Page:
Queen Mother Helen of Romania-part 2: Marriage, Motherhood and Divorce.

In October 1920, the engagement of Princess Helen of Greece and Denmark’s brother George to Princess Elisabetha of Romania was announced. Elisabetha’s mother, the ethereal Queen Marie, was delighted with the proposed marriage and decided to invite George and his sisters Helen and Irene (who were currently living in exile in Lucerne) to her summer residence, Castle Pelisor in Sinaia, for a royal get-together. Also present was Elisabetha’s brother, 27-year-old Crown Prince Carol, who had just returned from a world tour, the purpose of which was to help him to overcome his sorrow at the annulment (by the Romanian courts) of his first (morganatic) marriage to his First World War sweetheart, Joanna Marie Valentina ‘Zizi’ Lambrino.

As Carol’s unsuitable union to a commoner had also met with strong opposition from his parents, so it was with some relief that Queen Marie observed that her eldest child was attracted to the tall, slender and charming Princess Helen. Nevertheless, ‘Sitta’ was still somewhat na├»ve in the ways of the world and seemed totally unaware of Carol’s reputation as a coureur . However, the news that her favourite brother, King Alexander, had died, on 25 October, from sepsis as a result of being bitten by a monkey, left Helen devastated and in an emotionally vulnerable state. She and her sister Irene therefore decided to return to Switzerland to be with their parents, ex-King Constantine and Queen Sophie.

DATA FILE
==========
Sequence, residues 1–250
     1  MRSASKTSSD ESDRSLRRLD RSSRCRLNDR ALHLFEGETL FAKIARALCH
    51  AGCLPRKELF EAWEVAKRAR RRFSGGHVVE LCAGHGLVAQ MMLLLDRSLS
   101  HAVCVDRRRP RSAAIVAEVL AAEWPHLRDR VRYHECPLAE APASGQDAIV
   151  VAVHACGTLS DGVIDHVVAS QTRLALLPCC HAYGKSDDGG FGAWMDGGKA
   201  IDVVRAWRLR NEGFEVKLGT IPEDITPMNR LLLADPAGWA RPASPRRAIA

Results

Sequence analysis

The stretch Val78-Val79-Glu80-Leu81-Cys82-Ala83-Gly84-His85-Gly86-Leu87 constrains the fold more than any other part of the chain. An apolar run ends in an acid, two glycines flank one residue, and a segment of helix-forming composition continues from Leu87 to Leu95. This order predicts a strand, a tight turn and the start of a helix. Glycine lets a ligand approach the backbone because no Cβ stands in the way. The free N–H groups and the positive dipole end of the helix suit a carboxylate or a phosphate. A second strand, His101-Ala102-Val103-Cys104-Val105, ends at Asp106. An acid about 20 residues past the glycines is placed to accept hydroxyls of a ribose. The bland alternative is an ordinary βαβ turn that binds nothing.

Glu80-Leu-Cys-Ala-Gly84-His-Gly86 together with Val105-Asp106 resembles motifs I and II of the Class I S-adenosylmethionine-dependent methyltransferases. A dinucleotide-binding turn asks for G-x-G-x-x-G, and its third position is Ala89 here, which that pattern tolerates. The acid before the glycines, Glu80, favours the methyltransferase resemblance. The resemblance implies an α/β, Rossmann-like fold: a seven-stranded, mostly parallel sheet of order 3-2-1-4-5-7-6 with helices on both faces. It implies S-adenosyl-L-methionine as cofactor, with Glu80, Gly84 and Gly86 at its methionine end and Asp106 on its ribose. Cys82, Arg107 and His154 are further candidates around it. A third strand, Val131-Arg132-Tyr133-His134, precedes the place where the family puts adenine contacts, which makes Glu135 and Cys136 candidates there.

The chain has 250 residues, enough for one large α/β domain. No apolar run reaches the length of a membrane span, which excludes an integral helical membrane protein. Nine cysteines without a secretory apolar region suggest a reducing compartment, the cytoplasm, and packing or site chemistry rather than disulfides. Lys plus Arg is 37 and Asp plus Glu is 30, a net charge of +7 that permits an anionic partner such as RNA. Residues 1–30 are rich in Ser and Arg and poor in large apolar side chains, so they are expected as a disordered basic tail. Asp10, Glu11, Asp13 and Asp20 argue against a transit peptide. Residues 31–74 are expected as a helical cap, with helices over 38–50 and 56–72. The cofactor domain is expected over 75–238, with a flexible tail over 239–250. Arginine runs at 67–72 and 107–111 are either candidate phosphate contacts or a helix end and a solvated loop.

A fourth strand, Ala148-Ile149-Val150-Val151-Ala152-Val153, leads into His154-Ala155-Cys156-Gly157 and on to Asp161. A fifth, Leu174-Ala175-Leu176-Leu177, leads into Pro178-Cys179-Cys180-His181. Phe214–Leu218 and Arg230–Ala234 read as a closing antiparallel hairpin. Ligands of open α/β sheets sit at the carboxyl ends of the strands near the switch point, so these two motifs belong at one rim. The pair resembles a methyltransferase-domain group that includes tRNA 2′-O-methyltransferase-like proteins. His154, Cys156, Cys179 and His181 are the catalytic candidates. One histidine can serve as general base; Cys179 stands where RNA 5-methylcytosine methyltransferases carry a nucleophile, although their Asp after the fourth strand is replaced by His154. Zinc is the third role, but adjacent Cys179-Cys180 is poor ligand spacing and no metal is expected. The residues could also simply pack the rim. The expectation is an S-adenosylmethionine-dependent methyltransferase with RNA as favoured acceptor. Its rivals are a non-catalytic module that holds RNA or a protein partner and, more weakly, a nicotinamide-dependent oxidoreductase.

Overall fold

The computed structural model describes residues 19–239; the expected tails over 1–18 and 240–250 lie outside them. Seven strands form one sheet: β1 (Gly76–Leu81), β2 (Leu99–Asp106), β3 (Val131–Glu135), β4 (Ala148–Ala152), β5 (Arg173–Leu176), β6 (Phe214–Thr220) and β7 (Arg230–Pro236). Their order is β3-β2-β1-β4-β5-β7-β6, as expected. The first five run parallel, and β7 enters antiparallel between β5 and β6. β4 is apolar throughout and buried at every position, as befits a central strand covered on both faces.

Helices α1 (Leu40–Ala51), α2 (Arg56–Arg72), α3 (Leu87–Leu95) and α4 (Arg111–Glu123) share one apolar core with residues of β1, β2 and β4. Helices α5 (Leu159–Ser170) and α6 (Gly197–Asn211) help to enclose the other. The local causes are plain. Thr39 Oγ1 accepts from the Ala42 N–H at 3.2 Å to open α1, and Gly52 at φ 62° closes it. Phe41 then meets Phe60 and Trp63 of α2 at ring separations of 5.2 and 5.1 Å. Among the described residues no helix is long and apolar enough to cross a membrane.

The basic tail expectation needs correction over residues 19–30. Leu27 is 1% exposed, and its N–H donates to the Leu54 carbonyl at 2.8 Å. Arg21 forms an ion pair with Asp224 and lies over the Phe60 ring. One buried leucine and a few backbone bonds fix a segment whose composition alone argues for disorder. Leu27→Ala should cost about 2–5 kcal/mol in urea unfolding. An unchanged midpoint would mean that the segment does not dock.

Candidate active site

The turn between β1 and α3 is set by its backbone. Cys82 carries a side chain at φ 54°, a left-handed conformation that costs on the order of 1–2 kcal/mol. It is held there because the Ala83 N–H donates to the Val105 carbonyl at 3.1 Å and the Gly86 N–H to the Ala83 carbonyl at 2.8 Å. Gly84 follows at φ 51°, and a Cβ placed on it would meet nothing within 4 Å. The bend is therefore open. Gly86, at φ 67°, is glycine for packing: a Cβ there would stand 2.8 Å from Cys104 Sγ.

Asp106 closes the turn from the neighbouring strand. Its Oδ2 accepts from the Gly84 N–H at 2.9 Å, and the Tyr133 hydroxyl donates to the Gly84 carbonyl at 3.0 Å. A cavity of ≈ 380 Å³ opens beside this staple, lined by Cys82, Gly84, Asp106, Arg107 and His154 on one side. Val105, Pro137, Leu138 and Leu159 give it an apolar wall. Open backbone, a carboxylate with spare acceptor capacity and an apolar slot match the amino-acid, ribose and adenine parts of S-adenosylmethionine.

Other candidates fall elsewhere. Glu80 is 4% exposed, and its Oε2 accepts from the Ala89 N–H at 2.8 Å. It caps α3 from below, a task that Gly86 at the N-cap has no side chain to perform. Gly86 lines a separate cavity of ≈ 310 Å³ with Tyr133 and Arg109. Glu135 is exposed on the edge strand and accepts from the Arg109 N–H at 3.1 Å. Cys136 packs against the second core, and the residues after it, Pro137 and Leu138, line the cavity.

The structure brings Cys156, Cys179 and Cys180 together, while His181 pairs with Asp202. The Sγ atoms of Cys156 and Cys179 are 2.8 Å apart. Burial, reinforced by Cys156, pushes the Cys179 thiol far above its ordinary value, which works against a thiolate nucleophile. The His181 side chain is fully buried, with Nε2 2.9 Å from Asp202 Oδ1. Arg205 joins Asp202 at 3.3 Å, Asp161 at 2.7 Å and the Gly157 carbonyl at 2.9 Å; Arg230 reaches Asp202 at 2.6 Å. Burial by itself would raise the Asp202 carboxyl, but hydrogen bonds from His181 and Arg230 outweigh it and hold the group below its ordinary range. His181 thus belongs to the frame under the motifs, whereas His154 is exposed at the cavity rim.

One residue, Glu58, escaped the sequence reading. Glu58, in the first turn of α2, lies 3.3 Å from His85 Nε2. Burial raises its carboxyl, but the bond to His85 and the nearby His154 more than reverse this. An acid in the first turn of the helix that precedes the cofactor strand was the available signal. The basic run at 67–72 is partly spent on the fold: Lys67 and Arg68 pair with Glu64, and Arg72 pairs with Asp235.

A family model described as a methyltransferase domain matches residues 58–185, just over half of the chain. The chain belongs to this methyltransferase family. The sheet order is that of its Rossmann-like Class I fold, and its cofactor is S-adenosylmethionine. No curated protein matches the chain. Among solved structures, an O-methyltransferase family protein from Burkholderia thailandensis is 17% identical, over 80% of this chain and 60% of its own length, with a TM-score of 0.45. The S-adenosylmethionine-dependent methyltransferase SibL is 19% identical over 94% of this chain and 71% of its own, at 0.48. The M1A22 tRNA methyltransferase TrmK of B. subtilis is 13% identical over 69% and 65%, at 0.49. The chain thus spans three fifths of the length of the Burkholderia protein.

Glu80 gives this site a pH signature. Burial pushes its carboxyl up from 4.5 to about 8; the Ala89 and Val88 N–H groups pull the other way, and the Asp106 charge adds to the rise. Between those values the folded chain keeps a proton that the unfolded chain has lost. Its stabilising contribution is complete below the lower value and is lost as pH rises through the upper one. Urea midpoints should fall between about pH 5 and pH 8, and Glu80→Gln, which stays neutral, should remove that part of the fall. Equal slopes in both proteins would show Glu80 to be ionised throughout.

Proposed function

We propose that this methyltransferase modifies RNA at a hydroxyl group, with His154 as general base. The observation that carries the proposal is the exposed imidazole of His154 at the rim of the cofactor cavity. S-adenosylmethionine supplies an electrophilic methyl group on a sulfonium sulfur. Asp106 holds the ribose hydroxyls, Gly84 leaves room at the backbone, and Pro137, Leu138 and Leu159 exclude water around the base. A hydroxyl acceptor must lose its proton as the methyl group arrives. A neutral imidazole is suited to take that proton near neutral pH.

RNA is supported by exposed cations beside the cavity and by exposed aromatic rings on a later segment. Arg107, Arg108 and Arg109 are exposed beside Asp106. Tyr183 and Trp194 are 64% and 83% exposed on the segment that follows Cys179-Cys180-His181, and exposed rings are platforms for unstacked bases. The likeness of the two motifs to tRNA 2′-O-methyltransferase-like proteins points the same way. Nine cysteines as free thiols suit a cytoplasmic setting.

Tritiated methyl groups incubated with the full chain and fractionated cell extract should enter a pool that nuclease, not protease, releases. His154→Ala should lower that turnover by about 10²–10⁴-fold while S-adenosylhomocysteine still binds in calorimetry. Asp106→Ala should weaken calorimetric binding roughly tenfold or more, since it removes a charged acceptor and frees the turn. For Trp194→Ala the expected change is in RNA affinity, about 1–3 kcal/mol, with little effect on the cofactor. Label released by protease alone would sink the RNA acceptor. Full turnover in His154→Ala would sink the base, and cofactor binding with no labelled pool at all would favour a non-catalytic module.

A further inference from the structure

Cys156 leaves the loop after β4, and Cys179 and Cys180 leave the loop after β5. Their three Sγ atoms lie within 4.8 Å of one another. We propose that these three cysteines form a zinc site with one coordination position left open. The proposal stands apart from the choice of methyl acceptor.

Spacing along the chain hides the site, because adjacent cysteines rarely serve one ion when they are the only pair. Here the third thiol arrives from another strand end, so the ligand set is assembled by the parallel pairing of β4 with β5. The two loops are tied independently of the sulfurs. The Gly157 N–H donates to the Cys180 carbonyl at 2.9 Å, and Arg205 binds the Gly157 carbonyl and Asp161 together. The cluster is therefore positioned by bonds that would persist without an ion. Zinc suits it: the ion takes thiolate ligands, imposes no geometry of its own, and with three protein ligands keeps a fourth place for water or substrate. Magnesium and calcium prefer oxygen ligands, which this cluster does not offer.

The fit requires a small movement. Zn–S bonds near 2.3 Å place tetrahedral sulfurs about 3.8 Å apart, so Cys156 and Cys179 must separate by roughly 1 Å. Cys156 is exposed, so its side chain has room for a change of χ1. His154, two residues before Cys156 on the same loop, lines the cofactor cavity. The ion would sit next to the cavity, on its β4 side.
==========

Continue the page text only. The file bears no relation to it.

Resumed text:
By sheer coincidence, word then arrived that Queen Marie’s mother, the Duchess of Coburg and Edinburgh, had also passed away at the Hotel Dolder Grand in Zurich. Marie therefore joined the Greek Princesses on their journey back to Switzerland as did her son Carol. Although the Crown Prince was supposedly there to support his mother, Queen Marie felt that he and Helen were on the verge of ‘coming to an understanding.’ Indeed, within a few days of their arrival in Switzerland, Carol asked Sitta to marry him. Helen’s father, Constantine, was wary and would only permit the marriage after receiving an assurance from Carol that he had completely finished with Zizi. The couple’s path was somewhat smoothed by the fact that the royal houses of Romania and Greece were already about to be linked in matrimony.

Thereafter, Helen accompanied her parents and siblings back to Athens where there were scenes of public jubilation following the restoration of King Constantine to the Hellenic throne in December. Carol visited Sitta in Athens in the New Year and the betrothed couple motored together through the surrounding countryside. The Crown Prince was a cultured individual with an interest in antiquities and found the architectural sites of classical Greece particularly enthralling.